Wednesday, July 16th
Portovenere, which was a pleasant surprise on our 2001 cruise, remains one of our favorite sea towns. It always seems tranquil, no matter how many visitors arrive by cruise ship or auto. Whether viewing the town from the ship or a quai in the harbor, it is always a wonderful sight. Its pastel buildings hug the steep hills, while the church and citadel tower above.
We stopped for morning coffee and sent post cards to three friends in Surrey, England, whom we met in 2001 and who also love Portovenere. Then we began our walk along the harbor where we found an outdoor movie theater. The Grotto Byron was packed with swimmers, divers and sun bathers. Two years ago, heavy waves crashed into the rocks and the place was filthy with debris. Today the water was calm and the grotto remarkably clean. Keeping a watchful eye on the scene was Mother Nature, as sculpted by Lello Scorzelli.
Further up the hill is the Church of St. Lorenzo, whose tower is visible from the harbor. The original Romanesque church of 1116 burned in 1340, was rebuilt in Gothic style (bell tower added), severely damaged by the Aragonese in 1494, restored again in Baroque style, and finally restored in 1934 to something approximating its original style. Above the entrance is a carving of the martyrdom of St. Lorenzo. The interior is quite beautiful, with wooden ceilings, a remarkable font, four ivory casks from about 1100, and some 17th century satin hangings.
In the courtyard, I watched two boys and a goat. The boys had rigged up a basketball net, using a fish net on a pole, and were shooting hoops with a small soccer ball. In addition to playing basketball instead of soccer, they also spoke French rather than Italian. And swore in both French and English. Watching them from above, was a goat whose bleating and swollen profile indicated she needed milking. This was a scene I hadn't expected.
Portovenere is at southern end of the Cinque Terre, or Five Lands. Actually, it is five villages on a rugged coastline, somewhat isolated due to poor access roads, but all linked by a popular hiking path. Three days a week, excursion boats leave from Portovenere to all five villages. We took the 3 PM boat. It takes about two hours for a round trip.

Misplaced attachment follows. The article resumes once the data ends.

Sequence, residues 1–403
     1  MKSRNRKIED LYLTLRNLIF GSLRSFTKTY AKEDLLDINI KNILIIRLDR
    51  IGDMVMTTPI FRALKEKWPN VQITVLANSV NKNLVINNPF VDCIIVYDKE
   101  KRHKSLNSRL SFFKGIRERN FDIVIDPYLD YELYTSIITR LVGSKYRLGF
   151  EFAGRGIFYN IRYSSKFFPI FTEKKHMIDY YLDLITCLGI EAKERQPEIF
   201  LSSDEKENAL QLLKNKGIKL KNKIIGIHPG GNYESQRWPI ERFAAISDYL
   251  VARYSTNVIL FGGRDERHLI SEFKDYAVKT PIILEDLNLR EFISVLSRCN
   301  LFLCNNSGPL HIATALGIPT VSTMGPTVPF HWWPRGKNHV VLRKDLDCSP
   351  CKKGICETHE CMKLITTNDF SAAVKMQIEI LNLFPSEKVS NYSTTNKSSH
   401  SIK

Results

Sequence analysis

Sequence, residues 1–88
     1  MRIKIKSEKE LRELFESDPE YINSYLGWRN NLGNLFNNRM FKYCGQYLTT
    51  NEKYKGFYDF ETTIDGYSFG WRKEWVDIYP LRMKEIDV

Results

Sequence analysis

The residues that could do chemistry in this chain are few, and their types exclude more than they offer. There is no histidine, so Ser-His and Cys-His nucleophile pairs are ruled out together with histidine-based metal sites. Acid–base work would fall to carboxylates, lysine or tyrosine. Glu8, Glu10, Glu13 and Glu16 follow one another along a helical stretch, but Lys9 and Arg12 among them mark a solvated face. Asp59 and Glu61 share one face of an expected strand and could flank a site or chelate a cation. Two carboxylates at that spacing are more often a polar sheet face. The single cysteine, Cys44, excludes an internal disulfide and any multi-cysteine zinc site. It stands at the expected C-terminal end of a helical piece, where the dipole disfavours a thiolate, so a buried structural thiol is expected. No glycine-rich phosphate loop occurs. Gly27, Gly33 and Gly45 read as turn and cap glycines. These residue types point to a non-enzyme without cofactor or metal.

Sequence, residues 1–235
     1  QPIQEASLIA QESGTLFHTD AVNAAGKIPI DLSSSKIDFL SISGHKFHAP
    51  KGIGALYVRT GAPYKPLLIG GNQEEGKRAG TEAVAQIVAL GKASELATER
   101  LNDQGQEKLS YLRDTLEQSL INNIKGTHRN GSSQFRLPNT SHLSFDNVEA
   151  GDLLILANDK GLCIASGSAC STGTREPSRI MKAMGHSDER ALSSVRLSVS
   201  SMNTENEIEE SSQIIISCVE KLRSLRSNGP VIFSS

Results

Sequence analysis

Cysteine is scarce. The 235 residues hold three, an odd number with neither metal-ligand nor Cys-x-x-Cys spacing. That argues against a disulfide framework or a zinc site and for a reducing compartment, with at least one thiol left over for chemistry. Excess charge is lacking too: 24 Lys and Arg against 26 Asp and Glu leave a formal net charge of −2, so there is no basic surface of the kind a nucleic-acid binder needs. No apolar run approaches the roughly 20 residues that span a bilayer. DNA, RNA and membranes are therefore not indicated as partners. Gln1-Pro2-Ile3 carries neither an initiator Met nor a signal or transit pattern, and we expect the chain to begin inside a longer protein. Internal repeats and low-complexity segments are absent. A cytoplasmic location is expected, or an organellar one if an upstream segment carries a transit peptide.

This is a wonderful excursion, especially on a calm sea under sunny skies. Each of the villages is unique. Riomaggiore sits against black rock cliffs; Manarola is surrounded by terraced vineyards; Corniglia is reached by climbing 377 steps; Vernazza's tall houses are especially colorful; and Monterosso is a beach and cultural resort. Our boat was packed and we were seated in the open air amidst a crowd. By the time we reached Monterosso, most of the others had disembarked and we could get a good viewing seat at the bow for the trip back. Unfortunately, the return trip turned out to be an express, bypassing Manarola and Riomaggiore. Also, we were heading into the wind, which caused some salty sprays onto the bow. Still, the trip was worth it. If you start early enough and buy a full day ticket, you can get off in any of the towns, explore a while, and get back on the next boat. That would be a wonderful way to really see all five villages.
We ate at La Miramar, whose specialty is seafood, but it wasn't anything special. Portovenere is especially nice after dark. There is little ambient light to obscure the stars on a clear night. The houses are lit up, the restaurants are filled with diners, and the lights sparkle on the harbor. Ever since our return trip from the Cinque Terre, the sea had been getting choppy, even here in a protected harbor, causing boats to bounce a bit, their lines snapping on the masts. Wonderful sounds for those who love the sea.
During the night, I could feel the sea beneath the ship and I hoped that we would finally experience some serious sailing weather.
But I also wondered if it might keep us from our next port, Portofino, as happened two years ago.